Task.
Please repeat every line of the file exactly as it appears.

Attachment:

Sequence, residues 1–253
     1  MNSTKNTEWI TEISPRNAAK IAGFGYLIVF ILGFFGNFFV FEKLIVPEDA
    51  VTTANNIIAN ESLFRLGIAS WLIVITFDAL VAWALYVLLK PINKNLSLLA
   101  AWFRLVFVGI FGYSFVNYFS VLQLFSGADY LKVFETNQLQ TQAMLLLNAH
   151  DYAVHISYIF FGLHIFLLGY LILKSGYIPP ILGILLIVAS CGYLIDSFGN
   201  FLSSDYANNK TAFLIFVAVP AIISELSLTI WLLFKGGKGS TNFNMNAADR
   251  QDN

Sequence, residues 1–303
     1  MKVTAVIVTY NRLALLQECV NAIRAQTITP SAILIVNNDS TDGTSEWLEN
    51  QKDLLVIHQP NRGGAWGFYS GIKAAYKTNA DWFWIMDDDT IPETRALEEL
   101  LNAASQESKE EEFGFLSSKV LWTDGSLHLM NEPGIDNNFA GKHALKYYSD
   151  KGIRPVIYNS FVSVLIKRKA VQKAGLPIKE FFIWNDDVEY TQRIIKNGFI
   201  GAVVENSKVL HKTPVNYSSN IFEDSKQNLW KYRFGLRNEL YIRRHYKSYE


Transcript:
Sequence, residues 1–253
     1  MNSTKNTEWI TEISPRNAAK IAGFGYLIVF ILGFFGNFFV FEKLIVPEDA
    51  VTTANNIIAN ESLFRLGIAS WLIVITFDAL VAWALYVLLK PINKNLSLLA
   101  AWFRLVFVGI FGYSFVNYFS VLQLFSGADY LKVFETNQLQ TQAMLLLNAH
   151  DYAVHISYIF FGLHIFLLGY LILKSGYIPP ILGILLIVAS CGYLIDSFGN
   201  FLSSDYANNK TAFLIFVAVP AIISELSLTI WLLFKGGKGS TNFNMNAADR
   251  QDN

Sequence, residues 1–303
     1  MKVTAVIVTY NRLALLQECV NAIRAQTITP SAILIVNNDS TDGTSEWLEN
    51  QKDLLVIHQP NRGGAWGFYS GIKAAYKTNA DWFWIMDDDT IPETRALEEL
   101  LNAASQESKE EEFGFLSSKV LWTDGSLHLM NEPGIDNNFA GKHALKYYSD
   151  KGIRPVIYNS FVSVLIKRKA VQKAGLPIKE FFIWNDDVEY TQRIIKNGFI
   201  GAVVENSKVL HKTPVNYSSN IFEDSKQNLW KYRFGLRNEL YIRRHYKSYE